Sometimes a wonderful thing happens once a film is in the can. The marketing department takes over and creates printed materials that, if you’re lucky, accurately reflect the style and content of the picture you’re about to see. And if you’re really lucky, the posters and one sheets of a particular movie transcend mere communication and stand on their own as works of art. Here are twenty-five movie posters from the silent era where message and mode combine to make something extraordinary.
Entries in the big parade (2)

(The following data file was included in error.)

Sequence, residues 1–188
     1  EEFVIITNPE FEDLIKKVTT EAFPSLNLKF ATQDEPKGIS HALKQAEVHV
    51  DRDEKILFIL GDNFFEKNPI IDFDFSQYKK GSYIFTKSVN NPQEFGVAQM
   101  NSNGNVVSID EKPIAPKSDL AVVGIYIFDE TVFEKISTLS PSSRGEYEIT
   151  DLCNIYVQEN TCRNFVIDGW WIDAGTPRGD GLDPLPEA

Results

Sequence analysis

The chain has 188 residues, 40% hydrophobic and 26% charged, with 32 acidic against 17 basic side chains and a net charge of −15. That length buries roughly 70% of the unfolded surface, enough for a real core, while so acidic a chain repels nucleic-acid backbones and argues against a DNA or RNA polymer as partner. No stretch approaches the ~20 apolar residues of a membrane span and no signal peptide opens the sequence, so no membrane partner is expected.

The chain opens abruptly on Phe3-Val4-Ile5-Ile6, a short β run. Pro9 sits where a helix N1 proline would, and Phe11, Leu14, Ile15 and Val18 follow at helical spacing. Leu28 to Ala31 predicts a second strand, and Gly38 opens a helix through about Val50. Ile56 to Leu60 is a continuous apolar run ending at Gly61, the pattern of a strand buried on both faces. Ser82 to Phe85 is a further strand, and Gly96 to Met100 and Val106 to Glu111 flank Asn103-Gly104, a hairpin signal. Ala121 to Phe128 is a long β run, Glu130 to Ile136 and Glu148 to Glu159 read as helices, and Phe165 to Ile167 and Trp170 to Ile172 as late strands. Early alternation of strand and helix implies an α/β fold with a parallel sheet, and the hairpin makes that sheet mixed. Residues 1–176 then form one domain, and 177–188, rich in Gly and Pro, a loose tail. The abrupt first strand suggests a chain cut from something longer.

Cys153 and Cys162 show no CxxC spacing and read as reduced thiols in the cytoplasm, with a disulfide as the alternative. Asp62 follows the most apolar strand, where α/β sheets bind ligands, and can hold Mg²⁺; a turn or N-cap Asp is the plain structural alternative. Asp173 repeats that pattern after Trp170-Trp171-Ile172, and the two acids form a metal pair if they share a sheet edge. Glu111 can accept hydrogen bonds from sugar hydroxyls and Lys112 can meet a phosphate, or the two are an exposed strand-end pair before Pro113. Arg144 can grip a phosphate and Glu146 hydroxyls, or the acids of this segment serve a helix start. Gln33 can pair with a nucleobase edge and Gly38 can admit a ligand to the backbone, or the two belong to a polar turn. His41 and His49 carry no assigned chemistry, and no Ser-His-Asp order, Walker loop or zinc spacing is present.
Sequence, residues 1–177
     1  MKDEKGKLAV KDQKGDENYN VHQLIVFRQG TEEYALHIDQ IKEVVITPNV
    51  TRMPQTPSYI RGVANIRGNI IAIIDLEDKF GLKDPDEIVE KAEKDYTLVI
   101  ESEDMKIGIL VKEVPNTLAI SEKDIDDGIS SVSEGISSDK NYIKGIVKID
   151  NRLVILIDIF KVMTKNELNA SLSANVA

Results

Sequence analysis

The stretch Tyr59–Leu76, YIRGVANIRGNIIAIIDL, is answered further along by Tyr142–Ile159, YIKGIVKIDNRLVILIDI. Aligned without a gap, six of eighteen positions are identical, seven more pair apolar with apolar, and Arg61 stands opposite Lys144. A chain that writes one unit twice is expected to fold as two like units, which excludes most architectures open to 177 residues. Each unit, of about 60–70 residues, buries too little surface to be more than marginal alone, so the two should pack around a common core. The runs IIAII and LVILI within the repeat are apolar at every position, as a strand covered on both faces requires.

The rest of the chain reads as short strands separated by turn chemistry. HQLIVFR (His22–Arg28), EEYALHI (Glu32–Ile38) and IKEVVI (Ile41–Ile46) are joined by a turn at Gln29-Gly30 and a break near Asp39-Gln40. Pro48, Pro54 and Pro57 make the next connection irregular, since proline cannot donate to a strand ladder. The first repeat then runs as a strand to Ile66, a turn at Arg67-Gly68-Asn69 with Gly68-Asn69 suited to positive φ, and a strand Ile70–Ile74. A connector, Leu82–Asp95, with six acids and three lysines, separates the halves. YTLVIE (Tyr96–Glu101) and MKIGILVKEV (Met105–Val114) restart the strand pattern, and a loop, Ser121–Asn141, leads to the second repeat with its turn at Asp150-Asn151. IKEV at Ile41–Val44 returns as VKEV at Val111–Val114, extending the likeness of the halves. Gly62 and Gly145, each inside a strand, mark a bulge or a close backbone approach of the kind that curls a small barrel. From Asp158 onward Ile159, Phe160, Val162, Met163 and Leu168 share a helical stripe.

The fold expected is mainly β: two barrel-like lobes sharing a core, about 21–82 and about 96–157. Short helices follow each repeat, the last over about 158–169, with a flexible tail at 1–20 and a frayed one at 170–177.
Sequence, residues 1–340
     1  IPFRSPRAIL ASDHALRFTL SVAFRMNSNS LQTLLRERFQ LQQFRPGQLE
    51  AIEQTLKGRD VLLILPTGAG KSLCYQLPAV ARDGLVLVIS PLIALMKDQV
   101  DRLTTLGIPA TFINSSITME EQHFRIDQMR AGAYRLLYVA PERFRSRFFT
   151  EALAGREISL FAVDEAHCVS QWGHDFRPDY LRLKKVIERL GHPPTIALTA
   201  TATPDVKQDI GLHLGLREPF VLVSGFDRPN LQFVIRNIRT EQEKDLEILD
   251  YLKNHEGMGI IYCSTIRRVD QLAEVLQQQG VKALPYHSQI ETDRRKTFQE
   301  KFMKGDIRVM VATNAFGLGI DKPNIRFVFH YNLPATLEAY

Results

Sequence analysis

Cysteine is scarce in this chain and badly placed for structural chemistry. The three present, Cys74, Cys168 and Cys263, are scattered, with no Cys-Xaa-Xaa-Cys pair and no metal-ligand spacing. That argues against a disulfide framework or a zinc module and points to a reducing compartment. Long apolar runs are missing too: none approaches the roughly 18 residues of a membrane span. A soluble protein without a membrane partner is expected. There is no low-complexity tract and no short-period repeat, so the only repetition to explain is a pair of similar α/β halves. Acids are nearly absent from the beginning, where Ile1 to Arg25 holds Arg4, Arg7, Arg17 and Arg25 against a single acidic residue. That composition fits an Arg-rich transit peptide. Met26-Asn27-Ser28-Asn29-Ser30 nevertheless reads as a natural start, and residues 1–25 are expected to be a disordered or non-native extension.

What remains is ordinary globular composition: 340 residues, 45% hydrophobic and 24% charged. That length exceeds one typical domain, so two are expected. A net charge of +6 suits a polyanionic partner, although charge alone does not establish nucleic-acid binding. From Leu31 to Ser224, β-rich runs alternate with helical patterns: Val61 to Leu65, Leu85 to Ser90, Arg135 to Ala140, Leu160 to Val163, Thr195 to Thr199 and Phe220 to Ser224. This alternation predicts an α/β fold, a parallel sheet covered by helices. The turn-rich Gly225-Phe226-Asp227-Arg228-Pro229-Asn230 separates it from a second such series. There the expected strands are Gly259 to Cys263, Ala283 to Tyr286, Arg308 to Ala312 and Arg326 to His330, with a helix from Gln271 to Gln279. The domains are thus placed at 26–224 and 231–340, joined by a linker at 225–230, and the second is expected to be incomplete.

King Vidor dies at age 88 in Paso Robles, California, 1982. His directorial debut came in 1913 with Hurricane in Galveston, which he followed with various film-related jobs before he made The Turn in the Road (1919) and Peg o’ My Heart (1922). “Men who had never been inside a studio were given directing assignments on pure bluff,” Vidor said of early Hollywood. “They wouldn't have the slightest notion of what a camera could do. Some of these ne'er-do-wells would turn out several pictures before being discovered. By the time busy executives got around to viewing their initial efforts, they would be well into their third film.” A good 38 films into his career, he directed his first huge hit, MGM’s The Big Parade (1925). The Crowd, Show People, and The Patsy (above, with Vidor and Marion Davies) followed in 1928. His first talkie, Hallelujah! (1929), rounds out his body of early successes.